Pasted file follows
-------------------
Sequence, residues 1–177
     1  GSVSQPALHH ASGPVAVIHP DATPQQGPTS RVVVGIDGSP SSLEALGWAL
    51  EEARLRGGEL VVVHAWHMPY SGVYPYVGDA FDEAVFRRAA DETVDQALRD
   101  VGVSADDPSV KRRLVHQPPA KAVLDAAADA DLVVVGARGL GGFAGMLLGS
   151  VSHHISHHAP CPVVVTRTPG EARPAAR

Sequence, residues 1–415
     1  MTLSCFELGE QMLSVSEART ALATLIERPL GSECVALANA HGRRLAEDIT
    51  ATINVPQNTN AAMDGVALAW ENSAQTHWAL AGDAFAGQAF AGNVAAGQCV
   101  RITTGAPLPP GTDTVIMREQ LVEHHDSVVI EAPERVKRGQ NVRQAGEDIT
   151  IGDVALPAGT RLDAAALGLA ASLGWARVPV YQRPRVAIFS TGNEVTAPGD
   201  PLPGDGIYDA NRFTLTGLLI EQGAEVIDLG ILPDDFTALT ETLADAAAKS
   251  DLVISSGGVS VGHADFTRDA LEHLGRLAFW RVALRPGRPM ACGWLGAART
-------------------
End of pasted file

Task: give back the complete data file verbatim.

Sequence, residues 1–177
     1  GSVSQPALHH ASGPVAVIHP DATPQQGPTS RVVVGIDGSP SSLEALGWAL
    51  EEARLRGGEL VVVHAWHMPY SGVYPYVGDA FDEAVFRRAA DETVDQALRD
   101  VGVSADDPSV KRRLVHQPPA KAVLDAAADA DLVVVGARGL GGFAGMLLGS
   151  VSHHISHHAP CPVVVTRTPG EARPAAR

Sequence, residues 1–415
     1  MTLSCFELGE QMLSVSEART ALATLIERPL GSECVALANA HGRRLAEDIT
    51  ATINVPQNTN AAMDGVALAW ENSAQTHWAL AGDAFAGQAF AGNVAAGQCV
   101  RITTGAPLPP GTDTVIMREQ LVEHHDSVVI EAPERVKRGQ NVRQAGEDIT
   151  IGDVALPAGT RLDAAALGLA ASLGWARVPV YQRPRVAIFS TGNEVTAPGD
   201  PLPGDGIYDA NRFTLTGLLI EQGAEVIDLG ILPDDFTALT ETLADAAAKS
   251  DLVISSGGVS VGHADFTRDA LEHLGRLAFW RVALRPGRPM ACGWLGAART